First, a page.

Kyte on Bisping: Don’t ‘Count’ on interim title bout

November 23, 2012, 7:42 PM

By E. Spencer Kyte

Michael Bisping has been lobbying for a shot at UFC gold for the better part of the last six months. This past week, “The Count” tweaked his usual argument, combining Chris Weidman’s recent injury news with Anderson Silva’s pursuit of a super-fight with Georges St-Pierre as basis for suggesting his January fight against Vitor Belfort in Sao Paulo, Brazil be for an interim title.

As much as I applaud Bisping’s dogged determination when it comes to finding ways to put himself in a title fight, there is no need for the UFC to put another interim title into the mix. Even if they did, I’m not sure this would be the pairing that would be tabbed to battle for the belt.

First and foremost, Silva isn’t hurt. If he doesn’t defend the belt until late 2013, it’s out of choice and as a result of what the UFC believes is a much better option than a middleweight title fight. This isn’t a case of Silva being sidelined long-term with an injury, which is usually the most important criterion that needs to be met when the option of creating an interim title arises.

Should a super-fight between Silva and St-Pierre come together and be slated for May 2013 as Dana White has suggested, it will mean the welterweight title will have been defended once (last weekend at UFC 154) in more than two years. If the UFC is okay with the 170-pound ranks going more than two years with just a single title defence, I don’t see them rushing to create an interim middleweight title with Silva in good health and likely to defend the belt again by the end of next year.

While I don’t see the UFC introducing an interim championship, on the off chance that they do, the division is too deep to simply choose this pairing as the two men to fight for the strap.

The one part of Bisping’s argument for an interim title that I can agree with is that the middleweight division is deeper than it has been in years.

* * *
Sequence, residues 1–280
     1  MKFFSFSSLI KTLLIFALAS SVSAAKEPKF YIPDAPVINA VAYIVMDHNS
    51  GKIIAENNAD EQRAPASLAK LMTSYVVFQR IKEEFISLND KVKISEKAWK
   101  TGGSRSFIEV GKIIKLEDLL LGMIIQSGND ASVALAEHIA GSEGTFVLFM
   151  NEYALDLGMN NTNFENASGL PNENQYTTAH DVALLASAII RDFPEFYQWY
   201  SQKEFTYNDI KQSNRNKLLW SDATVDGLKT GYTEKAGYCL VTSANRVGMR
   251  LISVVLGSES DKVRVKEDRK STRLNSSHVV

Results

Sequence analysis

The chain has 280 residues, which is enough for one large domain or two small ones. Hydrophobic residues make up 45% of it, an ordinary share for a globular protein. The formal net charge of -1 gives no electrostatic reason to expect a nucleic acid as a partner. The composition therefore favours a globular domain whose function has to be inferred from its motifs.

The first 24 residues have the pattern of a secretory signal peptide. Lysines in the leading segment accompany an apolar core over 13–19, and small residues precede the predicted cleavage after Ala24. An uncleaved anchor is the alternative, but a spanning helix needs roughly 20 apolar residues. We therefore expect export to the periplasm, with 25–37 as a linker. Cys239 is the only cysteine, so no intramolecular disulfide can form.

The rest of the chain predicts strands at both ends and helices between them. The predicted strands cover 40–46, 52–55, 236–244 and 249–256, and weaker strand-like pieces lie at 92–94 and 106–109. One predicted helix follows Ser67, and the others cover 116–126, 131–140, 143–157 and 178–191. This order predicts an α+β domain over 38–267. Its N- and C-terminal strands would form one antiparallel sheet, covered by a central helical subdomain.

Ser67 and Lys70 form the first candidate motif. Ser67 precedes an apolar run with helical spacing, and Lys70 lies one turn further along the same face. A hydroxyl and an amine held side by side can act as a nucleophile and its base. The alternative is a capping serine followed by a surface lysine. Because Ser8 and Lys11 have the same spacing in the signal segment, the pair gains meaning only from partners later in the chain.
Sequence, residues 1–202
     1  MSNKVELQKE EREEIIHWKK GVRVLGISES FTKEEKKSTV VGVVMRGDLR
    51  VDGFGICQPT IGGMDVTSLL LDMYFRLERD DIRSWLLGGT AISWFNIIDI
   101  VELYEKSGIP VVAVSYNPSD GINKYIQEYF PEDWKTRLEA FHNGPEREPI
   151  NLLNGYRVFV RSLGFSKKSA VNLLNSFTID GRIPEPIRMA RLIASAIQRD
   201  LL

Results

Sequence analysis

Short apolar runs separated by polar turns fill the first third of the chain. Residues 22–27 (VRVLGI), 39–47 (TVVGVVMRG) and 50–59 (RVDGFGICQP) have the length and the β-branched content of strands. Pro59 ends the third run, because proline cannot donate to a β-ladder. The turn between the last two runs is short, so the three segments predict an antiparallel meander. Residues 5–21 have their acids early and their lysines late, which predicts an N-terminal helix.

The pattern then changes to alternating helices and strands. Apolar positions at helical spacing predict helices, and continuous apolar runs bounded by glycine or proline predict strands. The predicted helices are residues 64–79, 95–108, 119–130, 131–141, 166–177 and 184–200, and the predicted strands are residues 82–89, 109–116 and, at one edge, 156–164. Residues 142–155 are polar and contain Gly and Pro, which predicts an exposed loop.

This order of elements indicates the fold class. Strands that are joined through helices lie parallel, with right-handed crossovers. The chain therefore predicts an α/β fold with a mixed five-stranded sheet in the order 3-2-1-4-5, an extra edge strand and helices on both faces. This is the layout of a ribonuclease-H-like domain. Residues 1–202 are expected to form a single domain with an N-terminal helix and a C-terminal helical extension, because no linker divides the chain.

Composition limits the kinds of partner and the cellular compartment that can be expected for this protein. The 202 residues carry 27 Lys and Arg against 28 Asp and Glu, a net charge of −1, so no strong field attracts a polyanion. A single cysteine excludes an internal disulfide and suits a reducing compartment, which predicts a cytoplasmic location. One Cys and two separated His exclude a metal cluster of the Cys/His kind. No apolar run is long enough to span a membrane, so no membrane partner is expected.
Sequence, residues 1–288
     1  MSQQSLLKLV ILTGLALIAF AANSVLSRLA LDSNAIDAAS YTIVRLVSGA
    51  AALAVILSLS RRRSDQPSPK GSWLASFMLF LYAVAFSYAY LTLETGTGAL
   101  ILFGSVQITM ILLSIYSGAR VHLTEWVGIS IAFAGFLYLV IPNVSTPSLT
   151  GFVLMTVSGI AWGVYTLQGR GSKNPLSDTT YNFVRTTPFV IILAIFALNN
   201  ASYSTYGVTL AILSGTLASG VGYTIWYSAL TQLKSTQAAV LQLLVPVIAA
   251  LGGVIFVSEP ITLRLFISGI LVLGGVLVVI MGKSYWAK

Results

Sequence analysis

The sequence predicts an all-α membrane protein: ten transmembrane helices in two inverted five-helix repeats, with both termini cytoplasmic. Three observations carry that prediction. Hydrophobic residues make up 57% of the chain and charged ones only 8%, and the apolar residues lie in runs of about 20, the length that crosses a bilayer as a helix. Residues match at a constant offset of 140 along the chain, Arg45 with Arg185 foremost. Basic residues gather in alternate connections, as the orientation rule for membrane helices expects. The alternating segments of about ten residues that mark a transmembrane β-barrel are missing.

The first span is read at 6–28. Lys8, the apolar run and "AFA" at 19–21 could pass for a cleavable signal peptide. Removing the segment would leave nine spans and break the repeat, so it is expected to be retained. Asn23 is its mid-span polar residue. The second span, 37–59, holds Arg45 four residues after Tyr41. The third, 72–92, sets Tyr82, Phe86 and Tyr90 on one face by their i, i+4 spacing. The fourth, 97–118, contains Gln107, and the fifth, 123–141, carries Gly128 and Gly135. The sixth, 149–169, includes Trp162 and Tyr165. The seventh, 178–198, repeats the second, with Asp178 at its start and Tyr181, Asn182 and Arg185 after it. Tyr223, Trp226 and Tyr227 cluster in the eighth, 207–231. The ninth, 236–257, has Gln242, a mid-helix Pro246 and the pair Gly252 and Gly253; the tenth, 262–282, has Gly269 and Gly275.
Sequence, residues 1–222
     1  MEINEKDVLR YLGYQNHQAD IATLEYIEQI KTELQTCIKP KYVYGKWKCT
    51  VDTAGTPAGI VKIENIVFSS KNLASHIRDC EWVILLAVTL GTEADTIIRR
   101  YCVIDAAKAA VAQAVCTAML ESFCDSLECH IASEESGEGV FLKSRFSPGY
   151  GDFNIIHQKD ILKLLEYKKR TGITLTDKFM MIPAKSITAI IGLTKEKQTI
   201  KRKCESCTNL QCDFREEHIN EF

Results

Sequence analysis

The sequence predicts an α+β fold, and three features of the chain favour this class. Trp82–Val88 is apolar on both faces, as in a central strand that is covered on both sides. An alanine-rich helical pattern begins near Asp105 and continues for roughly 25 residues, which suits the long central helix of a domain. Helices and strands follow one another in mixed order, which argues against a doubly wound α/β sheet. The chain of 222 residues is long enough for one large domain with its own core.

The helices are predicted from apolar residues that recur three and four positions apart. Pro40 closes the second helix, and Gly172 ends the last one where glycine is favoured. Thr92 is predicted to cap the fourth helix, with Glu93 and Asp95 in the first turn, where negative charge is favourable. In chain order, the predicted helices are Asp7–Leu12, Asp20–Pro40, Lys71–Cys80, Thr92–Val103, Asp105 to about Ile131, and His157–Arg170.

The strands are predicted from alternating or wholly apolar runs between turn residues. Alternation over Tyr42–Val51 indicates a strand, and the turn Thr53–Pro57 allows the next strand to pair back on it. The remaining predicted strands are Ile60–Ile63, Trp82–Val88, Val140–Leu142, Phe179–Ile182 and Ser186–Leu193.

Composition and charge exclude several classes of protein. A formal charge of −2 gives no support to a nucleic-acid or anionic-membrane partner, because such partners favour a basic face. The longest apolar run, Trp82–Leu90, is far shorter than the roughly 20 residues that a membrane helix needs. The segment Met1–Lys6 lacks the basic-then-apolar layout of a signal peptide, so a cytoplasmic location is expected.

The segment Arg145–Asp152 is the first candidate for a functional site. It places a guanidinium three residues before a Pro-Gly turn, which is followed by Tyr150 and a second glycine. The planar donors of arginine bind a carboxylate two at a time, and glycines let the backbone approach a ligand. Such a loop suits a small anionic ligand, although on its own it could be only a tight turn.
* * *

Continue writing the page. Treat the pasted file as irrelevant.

In addition to the now-injured Weidman, Bisping and Belfort, Tim Boetsch and Alan Belcher are both on four-fight winning streaks, as is Weidman’s teammate and replacement opposite Boetsch, Costa Philippou. With that abundance of talent available and all in the running, it’s hard to argue that Bisping and Belfort are the most deserving of battling for an interim belt if one should be introduced.

Not that I would ever expect Bisping to put anyone else above himself on the “deserving of a title shot” list, but in my opinion, “The Count” is behind a couple of those people in the pecking order.

Weidman is the most deserving challenger in the division, having won all five of his UFC appearances to date, including scoring a decision over Demian Maia in January, and brutalizing Mark Munoz in July. But even removing Weidman from the running as a result of his recent shoulder injury isn’t enough to move Bisping into the top spot for me.

Boetsch has posted four straight wins since moving down to middleweight last spring, with the last two of those coming against former title challenger Yushin Okami and Hector Lombard, who debuted opposite Boestch at UFC 149 after dominating Bellator’s middleweight ranks. Should he best Philippou at the end of December to push his winning streak to five, “The Barbarian” would have a legitimate case for top spot on the list of contenders.

You could make a case for Belcher as well, especially considering he’s finished each of his last four opponents, three in the first round. He’s matched with Okami on the same UFC 155 fight card that features Boetsch and Philippou, so fight fans will get a good look at both potential challengers on the same night, with the more impressive of the two likely coming away as the No. 1 contender.

For me, Bisping is third on the depth chart since a good part of his case is based on seniority and a “shoulda, woulda, coulda” against Chael Sonnen.

I think “The Count” looked great against Sonnen last January, and I believe he could have been awarded the decision, but at the end of the day, that one still counts as a loss. Regardless of how good he looked in defeat or how close the fight, I don’t think you can give Bisping the nod ahead of fighters who have earned four straight wins to his one.

Additionally, his “I’ve put in my time” line of reasoning is ridiculous to me. Contenders are determined by wins and whom those victories came against, not how long you’ve been kicking around the top end of the division.

Should he get through Belfort in January — which is far from a given — Bisping will be in better shape to lobby for a title shot. For now though, he needs to stop trying to talk the UFC into creating another championship belt, and just worry about coming away from Brazil with a victory.

E. Spencer Kyte is a regular contributor to, UFC Magazine, and Fight Magazine, and writes the MMA blog Keyboard Kimura. Follow him on Twitter @spencerkyte.


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